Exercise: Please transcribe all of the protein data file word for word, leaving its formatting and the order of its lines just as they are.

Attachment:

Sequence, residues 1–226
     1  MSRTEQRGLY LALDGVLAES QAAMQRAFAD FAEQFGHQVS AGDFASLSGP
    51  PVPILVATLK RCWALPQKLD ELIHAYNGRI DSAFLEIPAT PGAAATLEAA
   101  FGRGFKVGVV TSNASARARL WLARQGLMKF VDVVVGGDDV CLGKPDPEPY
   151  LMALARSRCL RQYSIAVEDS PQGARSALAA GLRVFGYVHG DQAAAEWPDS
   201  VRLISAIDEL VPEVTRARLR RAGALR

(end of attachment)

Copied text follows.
Sequence, residues 1–226
     1  MSRTEQRGLY LALDGVLAES QAAMQRAFAD FAEQFGHQVS AGDFASLSGP
    51  PVPILVATLK RCWALPQKLD ELIHAYNGRI DSAFLEIPAT PGAAATLEAA
   101  FGRGFKVGVV TSNASARARL WLARQGLMKF VDVVVGGDDV CLGKPDPEPY
   151  LMALARSRCL RQYSIAVEDS PQGARSALAA GLRVFGYVHG DQAAAEWPDS
   201  VRLISAIDEL VPEVTRARLR RAGALR